Despite this summer’s news accounts of bear attacks, such occurrences are rare: Most bears are wary of humans. According to Yellowstone National Park bear expert Kerry Gunther, the odds of a negative encounter with a bear are very low—only about one in 3 million visitors to Yellowstone each year. But the animals can be dangerous if you surprise them.
Always take precautions to avoid a run-in: Stay on marked trails in groups of three or more and make ample noise by talking loudly, playing a radio, or tying a bell to your pack or clothes. Bring along bear spray, too; the potent pepper spray is designed to deter bears. When camping in bear territory, Gunther says, store all food in bear-proof containers hung at least 10 feet off the ground and at least 100 feet from your campsite. Do all of your cooking in the same location.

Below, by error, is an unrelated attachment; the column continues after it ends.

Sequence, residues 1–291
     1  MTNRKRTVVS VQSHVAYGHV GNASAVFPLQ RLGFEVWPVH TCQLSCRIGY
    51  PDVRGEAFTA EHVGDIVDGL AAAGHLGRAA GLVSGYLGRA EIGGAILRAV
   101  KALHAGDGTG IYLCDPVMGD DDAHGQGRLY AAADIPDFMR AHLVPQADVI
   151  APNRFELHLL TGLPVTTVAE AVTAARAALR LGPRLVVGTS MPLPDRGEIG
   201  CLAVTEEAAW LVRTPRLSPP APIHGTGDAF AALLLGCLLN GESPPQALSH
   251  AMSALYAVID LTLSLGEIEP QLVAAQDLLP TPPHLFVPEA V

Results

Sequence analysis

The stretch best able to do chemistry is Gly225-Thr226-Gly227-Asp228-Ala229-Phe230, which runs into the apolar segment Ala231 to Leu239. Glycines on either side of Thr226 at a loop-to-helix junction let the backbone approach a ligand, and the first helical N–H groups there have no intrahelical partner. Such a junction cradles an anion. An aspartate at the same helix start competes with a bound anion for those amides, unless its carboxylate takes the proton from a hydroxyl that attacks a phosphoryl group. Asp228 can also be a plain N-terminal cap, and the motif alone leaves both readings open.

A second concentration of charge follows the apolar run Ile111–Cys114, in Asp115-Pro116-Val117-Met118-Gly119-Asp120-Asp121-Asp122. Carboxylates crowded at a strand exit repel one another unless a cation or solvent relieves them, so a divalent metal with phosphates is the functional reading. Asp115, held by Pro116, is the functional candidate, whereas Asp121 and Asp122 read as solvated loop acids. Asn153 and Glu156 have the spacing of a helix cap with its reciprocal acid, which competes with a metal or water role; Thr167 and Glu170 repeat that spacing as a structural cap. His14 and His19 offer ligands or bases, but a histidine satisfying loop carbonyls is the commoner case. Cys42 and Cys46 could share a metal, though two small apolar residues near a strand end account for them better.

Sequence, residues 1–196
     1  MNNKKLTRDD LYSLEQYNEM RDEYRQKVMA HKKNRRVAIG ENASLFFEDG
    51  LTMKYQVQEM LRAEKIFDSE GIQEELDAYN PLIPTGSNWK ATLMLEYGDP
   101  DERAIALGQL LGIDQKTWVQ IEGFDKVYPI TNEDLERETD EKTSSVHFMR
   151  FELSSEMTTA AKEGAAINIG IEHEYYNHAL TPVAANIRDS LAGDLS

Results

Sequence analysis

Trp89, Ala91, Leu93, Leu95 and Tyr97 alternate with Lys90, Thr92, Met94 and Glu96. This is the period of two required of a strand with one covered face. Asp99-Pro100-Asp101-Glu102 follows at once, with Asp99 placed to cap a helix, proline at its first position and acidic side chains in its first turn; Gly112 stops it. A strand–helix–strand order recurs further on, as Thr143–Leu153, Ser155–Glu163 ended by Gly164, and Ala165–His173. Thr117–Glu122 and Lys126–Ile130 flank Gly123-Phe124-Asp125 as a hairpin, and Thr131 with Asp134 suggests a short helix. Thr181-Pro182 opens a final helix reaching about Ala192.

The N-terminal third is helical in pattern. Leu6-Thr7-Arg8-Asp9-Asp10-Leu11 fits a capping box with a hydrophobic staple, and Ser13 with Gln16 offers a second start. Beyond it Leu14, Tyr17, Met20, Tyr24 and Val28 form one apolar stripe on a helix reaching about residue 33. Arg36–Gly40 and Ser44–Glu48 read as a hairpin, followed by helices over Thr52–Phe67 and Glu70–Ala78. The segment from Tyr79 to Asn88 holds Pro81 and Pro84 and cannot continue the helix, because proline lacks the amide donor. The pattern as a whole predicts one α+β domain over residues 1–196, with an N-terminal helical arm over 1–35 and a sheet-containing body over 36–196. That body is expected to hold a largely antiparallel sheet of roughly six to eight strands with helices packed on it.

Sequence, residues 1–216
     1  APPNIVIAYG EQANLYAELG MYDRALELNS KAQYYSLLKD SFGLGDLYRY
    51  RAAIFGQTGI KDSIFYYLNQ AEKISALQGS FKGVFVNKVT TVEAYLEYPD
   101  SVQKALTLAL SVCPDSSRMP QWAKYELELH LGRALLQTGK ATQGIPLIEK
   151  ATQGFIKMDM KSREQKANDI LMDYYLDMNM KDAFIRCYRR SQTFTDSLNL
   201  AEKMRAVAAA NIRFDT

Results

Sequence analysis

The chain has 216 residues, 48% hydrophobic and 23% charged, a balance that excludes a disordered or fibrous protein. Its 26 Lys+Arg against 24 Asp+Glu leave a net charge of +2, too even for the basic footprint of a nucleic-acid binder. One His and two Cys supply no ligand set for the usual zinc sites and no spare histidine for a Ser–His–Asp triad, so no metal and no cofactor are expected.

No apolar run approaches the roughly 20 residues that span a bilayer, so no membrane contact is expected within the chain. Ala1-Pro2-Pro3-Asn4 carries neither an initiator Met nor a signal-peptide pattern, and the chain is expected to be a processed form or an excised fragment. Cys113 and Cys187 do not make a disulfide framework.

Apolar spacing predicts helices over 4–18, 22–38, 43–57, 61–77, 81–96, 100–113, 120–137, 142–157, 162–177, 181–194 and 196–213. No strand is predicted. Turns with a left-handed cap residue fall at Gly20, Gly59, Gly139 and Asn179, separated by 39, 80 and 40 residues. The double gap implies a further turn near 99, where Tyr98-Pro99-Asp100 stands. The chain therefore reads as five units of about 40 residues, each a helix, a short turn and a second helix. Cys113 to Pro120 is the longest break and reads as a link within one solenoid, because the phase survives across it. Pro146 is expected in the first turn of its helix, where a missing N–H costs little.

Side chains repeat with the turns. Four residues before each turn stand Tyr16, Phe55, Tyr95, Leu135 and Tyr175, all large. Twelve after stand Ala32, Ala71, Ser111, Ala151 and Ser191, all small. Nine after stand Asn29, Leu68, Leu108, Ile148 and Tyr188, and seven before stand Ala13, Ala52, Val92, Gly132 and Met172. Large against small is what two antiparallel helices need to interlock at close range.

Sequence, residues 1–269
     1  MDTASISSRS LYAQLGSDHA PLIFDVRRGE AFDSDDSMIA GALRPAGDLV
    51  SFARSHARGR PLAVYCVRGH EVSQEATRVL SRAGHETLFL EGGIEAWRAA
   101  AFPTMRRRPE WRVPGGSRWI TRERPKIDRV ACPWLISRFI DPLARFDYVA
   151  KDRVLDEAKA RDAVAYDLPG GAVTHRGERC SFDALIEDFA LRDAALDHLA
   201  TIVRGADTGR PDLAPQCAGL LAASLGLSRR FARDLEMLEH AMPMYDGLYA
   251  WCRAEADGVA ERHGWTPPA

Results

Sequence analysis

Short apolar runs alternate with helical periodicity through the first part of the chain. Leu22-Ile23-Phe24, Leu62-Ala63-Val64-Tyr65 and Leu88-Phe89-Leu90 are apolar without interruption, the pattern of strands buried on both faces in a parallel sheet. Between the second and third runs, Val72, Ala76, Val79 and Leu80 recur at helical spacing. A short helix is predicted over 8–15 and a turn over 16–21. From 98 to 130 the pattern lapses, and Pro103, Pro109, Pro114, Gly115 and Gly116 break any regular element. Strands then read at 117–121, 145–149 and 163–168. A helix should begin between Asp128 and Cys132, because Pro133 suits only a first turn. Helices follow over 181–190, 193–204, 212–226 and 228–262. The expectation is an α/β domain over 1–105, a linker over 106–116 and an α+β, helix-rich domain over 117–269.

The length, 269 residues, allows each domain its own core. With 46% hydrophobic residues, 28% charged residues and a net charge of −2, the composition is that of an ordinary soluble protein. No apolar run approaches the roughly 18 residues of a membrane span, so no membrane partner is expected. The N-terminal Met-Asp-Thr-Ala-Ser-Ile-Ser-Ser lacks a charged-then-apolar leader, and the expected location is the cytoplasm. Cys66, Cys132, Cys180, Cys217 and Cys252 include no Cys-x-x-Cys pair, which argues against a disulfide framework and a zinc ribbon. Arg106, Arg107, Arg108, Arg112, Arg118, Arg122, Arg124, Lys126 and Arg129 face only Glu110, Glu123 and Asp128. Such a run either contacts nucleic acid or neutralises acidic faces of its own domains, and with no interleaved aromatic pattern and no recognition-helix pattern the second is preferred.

If you do find yourself within about 25 feet of a bear, deploy a cloud of bear spray toward its face, “back away slowly and, if the bear charges, stand your ground because most of the time they will back off,” says Gunther. “If a bear makes contact, drop to the ground and play dead.” Guidelines from Yellowstone National Park suggest fighting back only if a predatory bear attacks with a silent approach and erect ears. Never make direct eye contact, scream, or run away.